Rayland Baxter: Easy Rider
In late April 2011, Rayland Baxter traded in his Jetta for a 1969 Plymouth Valiant at a used car dealership near the fairgrounds on Nolensville Road in Nashville. He parked it in his driveway and then went on tour with the Civil Wars.
When he got back, he decided he would drive the car, which he nicknamed the Goose, around the country.
“I live in a little bit of a time capsule,” admits the 28-year-old songwriter. “But it is a very dependable car,” he adds matter-of-factly, after I question the practicality of touring in a vintage automobile nearly twice his age.
Baxter’s debut album, feathers & fishHooks, is a bird’s-eye – or , perhaps, fish-eye – view of life as a restless twenty-first century troubadour.
“You can find me on the hillside looking all around / Or out there by the oak trees on the edges of town,” he sings on “The Woman For Me,” one of the standout tracks. And so begins an album’s worth of travel sagas, tall tales, loose ends, and love songs.
After he finished college, Baxter packed up his car and drove straight to Colorado. “I got a job at a guest ranch and just started living,” he says, putting the accent on that last word like he knows a thing or two about it. “I wanted to be in the mountains and on the streams and the rivers. I wanted to hike up and drink fresh water,” he says. He lived that winter in a camper with no heat while working four jobs.
If he sounds like your typical rambling and free-spirited musician, Baxter certainly comes by it honestly.
His dad is Bucky Baxter – Bob Dylan’s near-legendary pedal steel guitar player from 1992 to 1997. When he was a kid, Rayland lived with his mom and only saw his dad a few times a year, when they’d go on long trips together.
“When I was eight or nine, we went on a motorcycle trip,” he remembers. “He bought me a little blue electric guitar from a pawn shop and we were camping and he taught me how to play ‘Old MacDonald’ and a few chords.”
After his Colorado stint, Baxter moved to Nashville in 2008 and then went to Israel to stay with a close family friend, a doctor and mentor named Andre Wiseman.
What had originally been planned as a two-week trip turned into six months. Baxter says it’s when he really buckled down and studied his favorite songwriters and their songs. He filled notebooks with lyrics and song ideas that would become 2010’s EP, The Miscalculation Of Song.
He stayed at it when he got to Nashville. “I got a job with a welder. I would work all day from six in the morning ‘til eight at night. Then I’d go home and sit in my room and write songs. And I did that for a year and a half,” says Baxter, who’s known on the cliquey Nashville music scene for being a bit mysterious and avoiding the see-and-be-seen nightlife.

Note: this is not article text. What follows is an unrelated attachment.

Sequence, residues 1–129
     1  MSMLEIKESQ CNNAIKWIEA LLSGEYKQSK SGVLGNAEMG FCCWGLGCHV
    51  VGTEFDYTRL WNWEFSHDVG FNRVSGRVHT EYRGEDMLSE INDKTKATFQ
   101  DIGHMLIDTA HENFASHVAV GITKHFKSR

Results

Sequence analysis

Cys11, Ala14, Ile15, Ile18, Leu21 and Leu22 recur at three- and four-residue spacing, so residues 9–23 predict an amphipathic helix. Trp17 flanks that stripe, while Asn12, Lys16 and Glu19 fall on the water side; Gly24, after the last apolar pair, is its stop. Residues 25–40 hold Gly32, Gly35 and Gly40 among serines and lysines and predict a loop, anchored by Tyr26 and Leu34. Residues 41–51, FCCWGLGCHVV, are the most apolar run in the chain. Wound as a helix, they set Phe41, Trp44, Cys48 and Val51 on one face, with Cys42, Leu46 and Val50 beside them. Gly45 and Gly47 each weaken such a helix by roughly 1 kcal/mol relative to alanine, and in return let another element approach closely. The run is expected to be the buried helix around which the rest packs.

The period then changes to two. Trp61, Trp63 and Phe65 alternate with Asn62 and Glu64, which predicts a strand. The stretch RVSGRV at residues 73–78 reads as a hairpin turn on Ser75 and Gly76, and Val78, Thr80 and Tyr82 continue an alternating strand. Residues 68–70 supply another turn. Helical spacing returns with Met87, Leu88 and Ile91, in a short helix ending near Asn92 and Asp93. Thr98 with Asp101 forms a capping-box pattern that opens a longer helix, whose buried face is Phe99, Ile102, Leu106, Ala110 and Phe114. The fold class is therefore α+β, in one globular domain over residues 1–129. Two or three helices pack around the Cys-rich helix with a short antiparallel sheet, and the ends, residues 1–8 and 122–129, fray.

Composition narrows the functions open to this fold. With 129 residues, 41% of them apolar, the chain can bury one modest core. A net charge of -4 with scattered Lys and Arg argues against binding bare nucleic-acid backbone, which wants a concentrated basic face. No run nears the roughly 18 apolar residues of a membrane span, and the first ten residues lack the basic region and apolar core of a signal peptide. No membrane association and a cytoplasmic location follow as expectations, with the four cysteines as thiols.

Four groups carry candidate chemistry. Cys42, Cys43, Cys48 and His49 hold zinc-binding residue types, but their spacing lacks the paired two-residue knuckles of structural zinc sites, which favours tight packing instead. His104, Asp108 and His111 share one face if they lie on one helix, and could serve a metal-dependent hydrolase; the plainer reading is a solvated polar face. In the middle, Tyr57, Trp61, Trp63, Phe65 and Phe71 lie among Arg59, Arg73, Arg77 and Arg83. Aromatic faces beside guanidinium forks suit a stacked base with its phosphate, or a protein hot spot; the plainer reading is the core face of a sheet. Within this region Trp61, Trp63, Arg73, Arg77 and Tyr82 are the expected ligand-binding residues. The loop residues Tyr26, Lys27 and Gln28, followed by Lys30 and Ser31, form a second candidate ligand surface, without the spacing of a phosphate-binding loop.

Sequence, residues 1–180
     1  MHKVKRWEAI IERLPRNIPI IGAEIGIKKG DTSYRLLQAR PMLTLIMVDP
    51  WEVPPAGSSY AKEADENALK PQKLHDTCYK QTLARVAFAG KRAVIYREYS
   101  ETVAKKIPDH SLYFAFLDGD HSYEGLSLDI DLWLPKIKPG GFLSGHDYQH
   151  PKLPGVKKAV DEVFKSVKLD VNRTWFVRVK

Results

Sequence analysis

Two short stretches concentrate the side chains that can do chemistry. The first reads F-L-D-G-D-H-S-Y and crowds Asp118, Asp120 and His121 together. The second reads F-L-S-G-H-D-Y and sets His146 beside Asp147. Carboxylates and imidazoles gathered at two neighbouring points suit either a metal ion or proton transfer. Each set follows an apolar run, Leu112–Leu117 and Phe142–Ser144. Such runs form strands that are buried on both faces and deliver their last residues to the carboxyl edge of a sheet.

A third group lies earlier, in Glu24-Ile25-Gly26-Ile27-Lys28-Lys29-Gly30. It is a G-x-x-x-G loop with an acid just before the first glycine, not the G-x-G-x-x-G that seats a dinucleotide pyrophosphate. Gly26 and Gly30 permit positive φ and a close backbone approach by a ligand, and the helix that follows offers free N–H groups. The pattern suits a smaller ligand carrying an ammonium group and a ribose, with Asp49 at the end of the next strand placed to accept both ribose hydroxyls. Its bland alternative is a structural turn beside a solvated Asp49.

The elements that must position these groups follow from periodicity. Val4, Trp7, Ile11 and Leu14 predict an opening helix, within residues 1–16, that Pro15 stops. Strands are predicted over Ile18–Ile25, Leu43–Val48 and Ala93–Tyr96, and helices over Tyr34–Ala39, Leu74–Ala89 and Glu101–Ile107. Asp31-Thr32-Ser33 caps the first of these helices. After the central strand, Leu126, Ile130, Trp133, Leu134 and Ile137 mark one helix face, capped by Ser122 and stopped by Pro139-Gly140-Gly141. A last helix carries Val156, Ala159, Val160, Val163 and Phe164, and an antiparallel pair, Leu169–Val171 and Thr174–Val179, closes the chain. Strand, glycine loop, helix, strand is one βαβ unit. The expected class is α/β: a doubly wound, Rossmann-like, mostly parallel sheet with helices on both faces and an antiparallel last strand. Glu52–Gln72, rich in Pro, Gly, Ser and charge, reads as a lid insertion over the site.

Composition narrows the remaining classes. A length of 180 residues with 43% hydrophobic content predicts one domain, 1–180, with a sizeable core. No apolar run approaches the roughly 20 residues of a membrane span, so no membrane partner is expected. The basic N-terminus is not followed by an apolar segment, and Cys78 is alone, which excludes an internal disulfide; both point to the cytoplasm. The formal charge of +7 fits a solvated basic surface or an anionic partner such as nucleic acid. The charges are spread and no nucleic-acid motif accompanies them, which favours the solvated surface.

Over about three months last year, Baxter recorded feathers & fishHooks (he uses mostly lower case lettering) with friends in Nashville. The album feels lived in, going from the joyful crooning chorus of “Driveway Melody” to the somber lament of “Hoot Owl,” a song his dad wrote.
Baxter, Sr., also played all the pedal steel parts on the album. “With he and I, when it comes to making music in the studio, it’s effortless,” Rayland says about working with his dad. “The way I’ve crafted my melodies I feel like has a lot to do with hearing him play pedal steel my whole life.”
For the album’s title, Baxter chose a dichotomy: a feather (“a beautiful thing”) and a fishhook (“a really intrusive and sharp thing”). When you put them together, you’ve got a fishing lure. Fly-fishing is kind of like songwriting and performing, anyway, Baxter says. You have to find a rhythm and then lure the audience in.
The album’s opening track, “The Mtn Song,” also captures his love-and-nature ethos. “If I could give you everything I would,” he tells his muse. He’s talking about mountains, oceans, seas, forests, flowers, and trees. “But if love is all you need, then we are good,” he concludes, simply.
Baxter has that distant way of talking about lovers that the early Dylan records had – seeing life as humorous, beautiful, joyful, and sad, usually all at the same time.
“My heroes from back in the day – Bob Dylan, Leonard Cohen, Townes Van Zandt – all those guys that were troubadours and playing music, they were always out playing and living life and experiencing things. They were jumping in the ocean and driving …”
As he trails off on that last word, I almost feel like I could be out there with him right now. But he’s a phone line and hundreds of miles away – though hopefully not decades too late.